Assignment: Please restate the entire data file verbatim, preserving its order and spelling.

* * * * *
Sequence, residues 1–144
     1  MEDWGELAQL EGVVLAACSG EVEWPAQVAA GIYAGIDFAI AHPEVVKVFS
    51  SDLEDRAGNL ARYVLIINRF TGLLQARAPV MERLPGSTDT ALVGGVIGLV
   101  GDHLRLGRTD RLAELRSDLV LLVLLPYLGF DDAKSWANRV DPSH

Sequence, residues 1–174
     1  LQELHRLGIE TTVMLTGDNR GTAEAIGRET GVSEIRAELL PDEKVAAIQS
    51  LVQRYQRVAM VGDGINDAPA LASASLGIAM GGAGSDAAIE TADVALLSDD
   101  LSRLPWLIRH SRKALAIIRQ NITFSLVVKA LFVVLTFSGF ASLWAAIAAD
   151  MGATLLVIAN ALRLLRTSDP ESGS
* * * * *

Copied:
Sequence, residues 1–144
     1  MEDWGELAQL EGVVLAACSG EVEWPAQVAA GIYAGIDFAI AHPEVVKVFS
    51  SDLEDRAGNL ARYVLIINRF TGLLQARAPV MERLPGSTDT ALVGGVIGLV
   101  GDHLRLGRTD RLAELRSDLV LLVLLPYLGF DDAKSWANRV DPSH

Sequence, residues 1–174
     1  LQELHRLGIE TTVMLTGDNR GTAEAIGRET GVSEIRAELL PDEKVAAIQS
    51  LVQRYQRVAM VGDGINDAPA LASASLGIAM GGAGSDAAIE TADVALLSDD
   101  LSRLPWLIRH SRKALAIIRQ NITFSLVVKA LFVVLTFSGF ASLWAAIAAD
   151  MGATLLVIAN ALRLLRTSDP ESGS